Guest post by Ian McHugh

I didn’t start writing stories – at least, not with the serious intention of having them published – until the year I turned thirty. Prior to that I’d fiddled about with ideas and worlds, maps, creatures and characters, even plots and actual scenes without ever progressing so far as actually writing and finishing a story. My world building and planning had become part of my procrastination, and remained that way for twelve or fifteen years.

I found my way out of it almost by accident, after a couple of writers separately made the suggestion to me that short stories are a good way to learn the craft of storytelling, because they’re of a more manageable size than novels, and you can write twelve of them, and explore twelve different plots, narrative styles, worlds and character sets, in the time it takes to write one novel.

I put these two things together and decided to start writing short stories set in the worlds of my notional novels as a way out of my endless cycle of procrastination. One of the first stories I wrote (and finished), in 2003, was “The Last Day of Rea”, published in the All Star Stories: Twenty Epics anthology in 2006. This story was set in the far distant past of my putative novel, and both contained the origin story of the world and set in motion the chain of historical events that led to the setting for the novel. The next story I wrote, “The Alchemical Automaton Blues”, was published much faster, in Andromeda Spaceways Inflight Magazine in 2004 (my first fiction sale), and was built around a minor domestic incident for one of the peripheral characters in the novel.

In this particular case, the novel idea fell by the wayside, and the short stories took on a life of their own, with three more stories published in an evolving version of the world (“The Gifts of Avalae”, “From Sorrow’s Gate” and “Angel Dust”) and a couple more still in progress. But this world and its history, built over several stories, is right there ready to use if I ever do want to go back to that world. And I’ve done the same thing more recently in the world building for my current novel project. The whole idea for the novel’s magical alternate Australia started with my story “Bitter Dreams”, which won the Writers of the Future contest in 2008. I then consciously set out to explore that world through more short stories (“Once a month, on a Sunday”, “Red Dirt”, “Dancing the Labyrinth” and “Vandiemensland” are published to date) while I worked out what I might do for a novel in the same world. (Links to read most of these stories can be found through my website.)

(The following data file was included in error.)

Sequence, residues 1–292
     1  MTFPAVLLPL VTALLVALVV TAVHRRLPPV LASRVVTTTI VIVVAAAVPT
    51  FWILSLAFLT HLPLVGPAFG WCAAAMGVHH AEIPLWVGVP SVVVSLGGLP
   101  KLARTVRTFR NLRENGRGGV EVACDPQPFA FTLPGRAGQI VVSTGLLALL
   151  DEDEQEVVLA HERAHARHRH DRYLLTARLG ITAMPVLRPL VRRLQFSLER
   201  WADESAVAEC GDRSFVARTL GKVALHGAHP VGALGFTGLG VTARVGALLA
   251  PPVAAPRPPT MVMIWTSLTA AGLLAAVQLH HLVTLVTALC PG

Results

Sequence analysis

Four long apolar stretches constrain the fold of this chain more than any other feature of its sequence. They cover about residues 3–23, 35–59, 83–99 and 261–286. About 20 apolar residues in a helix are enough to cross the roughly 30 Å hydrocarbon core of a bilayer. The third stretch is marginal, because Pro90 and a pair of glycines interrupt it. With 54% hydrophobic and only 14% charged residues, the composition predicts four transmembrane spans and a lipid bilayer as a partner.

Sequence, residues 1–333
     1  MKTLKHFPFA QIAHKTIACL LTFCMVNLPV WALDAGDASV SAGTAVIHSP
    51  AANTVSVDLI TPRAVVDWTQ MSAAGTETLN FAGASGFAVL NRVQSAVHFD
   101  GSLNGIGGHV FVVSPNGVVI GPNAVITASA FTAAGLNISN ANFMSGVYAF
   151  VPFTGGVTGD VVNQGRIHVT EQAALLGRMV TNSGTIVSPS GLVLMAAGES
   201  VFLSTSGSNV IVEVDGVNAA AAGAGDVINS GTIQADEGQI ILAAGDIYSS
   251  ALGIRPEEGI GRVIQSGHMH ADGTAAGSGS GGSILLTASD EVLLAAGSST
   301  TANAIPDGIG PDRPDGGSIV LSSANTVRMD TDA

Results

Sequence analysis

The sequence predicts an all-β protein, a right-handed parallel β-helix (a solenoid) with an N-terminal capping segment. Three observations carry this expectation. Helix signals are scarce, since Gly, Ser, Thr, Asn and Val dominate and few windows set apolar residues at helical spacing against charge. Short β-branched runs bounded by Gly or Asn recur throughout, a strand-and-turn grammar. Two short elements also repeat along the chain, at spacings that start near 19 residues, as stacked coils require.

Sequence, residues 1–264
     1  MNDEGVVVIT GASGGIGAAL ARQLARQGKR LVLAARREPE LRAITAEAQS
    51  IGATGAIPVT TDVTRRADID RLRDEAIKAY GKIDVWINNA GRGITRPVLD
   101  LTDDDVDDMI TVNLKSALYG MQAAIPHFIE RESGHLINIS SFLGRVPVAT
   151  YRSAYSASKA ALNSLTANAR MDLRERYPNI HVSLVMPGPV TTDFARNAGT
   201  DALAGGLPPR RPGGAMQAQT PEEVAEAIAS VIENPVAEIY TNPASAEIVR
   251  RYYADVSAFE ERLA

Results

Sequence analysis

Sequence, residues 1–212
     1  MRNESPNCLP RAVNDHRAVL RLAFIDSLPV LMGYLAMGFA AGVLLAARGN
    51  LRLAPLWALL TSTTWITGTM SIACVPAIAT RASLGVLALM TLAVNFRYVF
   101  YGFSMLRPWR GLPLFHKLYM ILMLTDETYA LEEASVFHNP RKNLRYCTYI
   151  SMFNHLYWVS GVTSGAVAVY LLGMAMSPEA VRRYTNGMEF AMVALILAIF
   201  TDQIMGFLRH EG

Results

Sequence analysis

The advantages of this approach are, I think, several:

  • You practice your storytelling. Particularly if you’re a new writer, you need to learn and hone your craft. Short stories provide an excellent vehicle for doing so.
  • You invest more in the characters you create and the world they inhabit. If you’re going to keep coming back to a world and/or a set of characters, chances are you’ll put more depth into their creation, which enriches your storytelling and makes your stories stronger – particularly as your craft develops and you learn how to deliver richness without overloading.
  • Stories lead to more stories. I wrote my story “Interloper” as a stand-alone, inspired by a conversation with a workmate at a really boring business planning day. Almost immediately, I started thinking about the further adventures of the characters I had created and wrote another story, “Driving the Nail”. Then from that story: an idea for a novel. And this is not an isolated example. Writing stories gives you ideas.
  • You create a body of work. I’ll go into the process of trying to sell my novel with a record of thirty-something publications (about fifty, counting reprints) to professional and quality “semi-pro” markets in Australia, North America, Europe and India, and with a single-author collection due out in 2014. By writing and selling short stories you create a track record of (a) working successfully with editors and (b) writing stuff people want to read.

Writing short stories won’t get you all the way to having the skills you need to write novels but, all in all, I think that planning and inventing your novel through storytelling is a fantastic way of preparing for the business of actually writing it – and then (fingers crossed) selling it.